The muse and the angel are external forces and therefore inutile until we ingest them and set them in motion, catalyzing duende. Duende is not for the artist who may paint an angel or write a poem, for then the artist is still but an artist who may reach and scratch at both word and image. It seems that duende comes when the artist throws himself into the stew; that he himself is the final ingredient that yields artistic intelligence. Thus, the angel and the muse—the word and the image—require a body and a mind to ignite. Thus, when the artist paints an angel he also writes a poem; he is at once an angel, a poem, a man.

I believe that duende is a rare occurrence. An individual possessing artistic intelligence may be entirely a myth, since duende by definition is fleeting—“spontaneous creation”—and therefore may never truly be harnessed. But there are those who make paintings with words, and those who communicate volumes through paintings. There is an unmistakable trade in relationships here: the word informs the image and vice versa. That spectrum is widely recognized and understood; yet I will argue that this relationship is not merely linear. We ourselves stand at angles between the two, effectively composing a peak to the shape. Draw a line between the three points, between the arches, and we become the peak of a triangle—humans, and their bodies, inform word and speak to image. In motion, the three generate a cycle of information and inspiration. We as people, our bodies, are duende in its arch—flanked by the muse and the angel. Duende is perhaps a force of geometry, the spontaneous creation and agitation of a triangle that defines our lives as humans and artists. The artistic life, then, is an act of triangulation.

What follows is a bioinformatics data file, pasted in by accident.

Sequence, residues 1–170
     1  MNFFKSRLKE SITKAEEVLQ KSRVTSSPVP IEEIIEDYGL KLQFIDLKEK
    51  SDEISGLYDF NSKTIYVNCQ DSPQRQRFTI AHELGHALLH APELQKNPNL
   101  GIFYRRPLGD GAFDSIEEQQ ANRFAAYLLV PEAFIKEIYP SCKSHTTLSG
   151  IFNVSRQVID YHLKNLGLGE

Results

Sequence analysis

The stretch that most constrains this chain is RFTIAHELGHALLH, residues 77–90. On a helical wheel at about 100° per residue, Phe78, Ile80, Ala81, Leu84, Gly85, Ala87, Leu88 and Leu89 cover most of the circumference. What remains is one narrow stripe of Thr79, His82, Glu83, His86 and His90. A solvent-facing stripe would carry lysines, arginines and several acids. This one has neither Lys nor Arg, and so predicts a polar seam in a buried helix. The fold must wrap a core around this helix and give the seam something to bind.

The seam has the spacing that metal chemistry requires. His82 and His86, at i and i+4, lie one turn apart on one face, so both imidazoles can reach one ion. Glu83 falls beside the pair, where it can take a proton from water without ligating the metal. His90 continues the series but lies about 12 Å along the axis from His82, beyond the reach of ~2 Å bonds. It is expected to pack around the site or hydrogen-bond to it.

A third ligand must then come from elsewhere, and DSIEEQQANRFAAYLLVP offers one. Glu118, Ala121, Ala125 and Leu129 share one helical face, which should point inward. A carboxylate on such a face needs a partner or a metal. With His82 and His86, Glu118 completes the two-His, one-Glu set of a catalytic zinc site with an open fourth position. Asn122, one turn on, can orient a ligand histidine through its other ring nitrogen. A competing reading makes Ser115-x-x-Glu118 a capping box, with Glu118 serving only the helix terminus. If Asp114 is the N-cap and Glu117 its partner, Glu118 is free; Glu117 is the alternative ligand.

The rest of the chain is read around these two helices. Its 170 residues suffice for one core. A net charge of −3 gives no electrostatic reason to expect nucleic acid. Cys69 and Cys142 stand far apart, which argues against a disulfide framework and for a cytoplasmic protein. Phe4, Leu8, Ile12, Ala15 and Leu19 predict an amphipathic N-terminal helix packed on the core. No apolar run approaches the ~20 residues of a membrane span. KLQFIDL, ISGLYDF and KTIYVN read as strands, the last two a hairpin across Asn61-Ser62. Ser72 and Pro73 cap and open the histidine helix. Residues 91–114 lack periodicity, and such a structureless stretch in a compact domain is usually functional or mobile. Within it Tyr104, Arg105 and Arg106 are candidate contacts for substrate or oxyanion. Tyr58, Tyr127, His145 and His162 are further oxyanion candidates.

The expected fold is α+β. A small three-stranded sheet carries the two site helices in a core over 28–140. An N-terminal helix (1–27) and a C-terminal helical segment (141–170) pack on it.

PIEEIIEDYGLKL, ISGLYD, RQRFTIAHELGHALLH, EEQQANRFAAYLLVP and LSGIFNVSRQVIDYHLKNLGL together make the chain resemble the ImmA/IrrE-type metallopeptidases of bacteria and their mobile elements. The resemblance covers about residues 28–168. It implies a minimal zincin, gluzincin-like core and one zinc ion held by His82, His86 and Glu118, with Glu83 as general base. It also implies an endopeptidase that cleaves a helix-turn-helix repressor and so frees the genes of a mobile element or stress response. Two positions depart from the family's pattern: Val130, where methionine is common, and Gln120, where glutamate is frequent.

Lauren YoungSmith, “Communication Beyond Loss: Lorca’s Triangular Rhetoric”